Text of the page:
Enrollment Rises in Christian Schools; Expert Lists Factors

The student enrollment rates in higher educational institutions - particularly Christian schools - skyrocketed in the past decade.

According to a recent U.S. Department of Education survey, student enrollment increased by a whopping 67 percent in some 130 member institutions of Council for Christian Colleges and Universities (CCCU) between 1992-2002.

Tom McWhertor, Vice President for enrollment and external relations at Calvin College, believes there are several contributing factors to the change.

One such factors is the addition of “degree completion programs” that became available at most CCCU schools only after 1992.

“Some proportion of that 67 percent is the degree completion program,” explained McWhertor. “These target students who started college at some point in the past, but didn’t finish, so now they’re older students.”

The programs are a new trend in higher education in general. Most higher educational institutions did not begin offering the programs until the 1980s, and Christian colleges are catching the trend.

“Some of them have thousands of students in it,” said McWhertor. “Indiana Wesleyan College in Marion, Ind., has about 2000 students on their campus in their traditional education program, but they have close to 4000 students who are taking a degree through satellite sites in 30 some locations across the state of Indiana.”

McWhertor, who joined Calvin faculty in 1991 as director of admissions, guesses that as much as a half of that increase may be due to these programs.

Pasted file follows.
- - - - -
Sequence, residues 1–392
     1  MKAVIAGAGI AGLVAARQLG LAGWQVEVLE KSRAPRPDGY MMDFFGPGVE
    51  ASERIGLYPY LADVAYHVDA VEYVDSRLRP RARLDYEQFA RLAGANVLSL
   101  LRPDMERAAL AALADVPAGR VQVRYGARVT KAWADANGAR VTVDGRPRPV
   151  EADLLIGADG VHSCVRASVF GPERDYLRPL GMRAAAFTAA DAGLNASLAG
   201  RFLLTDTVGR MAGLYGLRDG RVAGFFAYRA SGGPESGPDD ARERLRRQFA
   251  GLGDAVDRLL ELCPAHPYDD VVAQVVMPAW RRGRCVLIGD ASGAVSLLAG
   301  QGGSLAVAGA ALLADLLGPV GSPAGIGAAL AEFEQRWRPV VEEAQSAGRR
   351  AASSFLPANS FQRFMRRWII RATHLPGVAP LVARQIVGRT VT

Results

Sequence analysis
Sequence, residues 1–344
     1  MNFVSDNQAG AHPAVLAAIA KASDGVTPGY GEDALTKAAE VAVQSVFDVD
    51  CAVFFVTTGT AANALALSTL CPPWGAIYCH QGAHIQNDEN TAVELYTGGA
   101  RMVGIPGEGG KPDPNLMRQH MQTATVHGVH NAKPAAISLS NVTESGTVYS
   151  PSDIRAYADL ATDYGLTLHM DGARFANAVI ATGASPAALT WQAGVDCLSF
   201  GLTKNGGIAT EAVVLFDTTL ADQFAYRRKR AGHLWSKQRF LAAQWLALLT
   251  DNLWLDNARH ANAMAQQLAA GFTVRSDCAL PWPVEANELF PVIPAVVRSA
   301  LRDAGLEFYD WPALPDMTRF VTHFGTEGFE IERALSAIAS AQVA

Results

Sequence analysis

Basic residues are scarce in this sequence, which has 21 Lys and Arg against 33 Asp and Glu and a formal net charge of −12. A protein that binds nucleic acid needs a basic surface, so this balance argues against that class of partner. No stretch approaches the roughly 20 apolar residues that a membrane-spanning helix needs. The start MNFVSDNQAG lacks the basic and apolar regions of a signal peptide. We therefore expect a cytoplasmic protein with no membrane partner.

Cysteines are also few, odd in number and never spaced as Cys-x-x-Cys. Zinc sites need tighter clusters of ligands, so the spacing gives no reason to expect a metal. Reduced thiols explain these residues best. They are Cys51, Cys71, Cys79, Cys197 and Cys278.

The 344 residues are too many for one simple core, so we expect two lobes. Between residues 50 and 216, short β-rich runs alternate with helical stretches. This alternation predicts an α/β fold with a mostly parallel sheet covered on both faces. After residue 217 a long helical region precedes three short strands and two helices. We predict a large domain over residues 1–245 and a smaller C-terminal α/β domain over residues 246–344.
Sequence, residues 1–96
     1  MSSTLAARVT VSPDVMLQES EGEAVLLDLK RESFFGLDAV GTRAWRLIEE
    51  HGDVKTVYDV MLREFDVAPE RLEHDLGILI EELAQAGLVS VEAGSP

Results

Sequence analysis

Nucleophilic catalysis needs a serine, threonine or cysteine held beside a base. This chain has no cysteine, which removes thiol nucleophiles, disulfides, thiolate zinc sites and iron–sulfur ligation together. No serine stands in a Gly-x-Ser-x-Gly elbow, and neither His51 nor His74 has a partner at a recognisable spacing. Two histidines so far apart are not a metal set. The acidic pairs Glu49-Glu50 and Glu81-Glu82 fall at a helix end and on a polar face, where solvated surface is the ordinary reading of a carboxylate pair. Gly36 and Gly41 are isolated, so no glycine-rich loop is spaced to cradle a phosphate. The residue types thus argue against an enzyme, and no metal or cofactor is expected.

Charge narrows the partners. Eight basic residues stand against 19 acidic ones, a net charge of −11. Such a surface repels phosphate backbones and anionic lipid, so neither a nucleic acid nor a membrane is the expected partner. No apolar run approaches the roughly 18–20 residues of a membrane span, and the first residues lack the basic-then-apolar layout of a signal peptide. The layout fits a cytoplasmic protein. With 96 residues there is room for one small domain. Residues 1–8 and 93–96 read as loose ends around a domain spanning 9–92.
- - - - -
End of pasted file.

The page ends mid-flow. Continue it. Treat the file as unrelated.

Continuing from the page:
“Which is still a good thing,” said McWhertor. “It doesn’t diminish the good things that are happening in Christian colleges.”

To McWhertor, there are other significant factors that are worth discussing, such as a cultural shift, an openness to Christian education and the expansion of classes and majors offered in Christian schools.

Calvin, ranked number two among America’s Best Colleges this year by the U.S. News & World Report, has about 100 majors and minors and programs of study currently available.

“So now, we’ve become a legitimate option for someone who wants to pursue those fields whereas previously, even if they were interested in a Christian college, they couldn’t get that major perhaps,” said McWhertor.

These institutions, which have struggled just to maintain subsistence in the past, have improved in quality over the years, moving the numbers up.

"Now I believe students better understand what we’re all about because we’ve communicated it better to them, instead of just preaching," said McWhertor. "We’re talking to people who don’t know us as well and that’s enabled us to improve the quality and the quantity of the students we’re getting."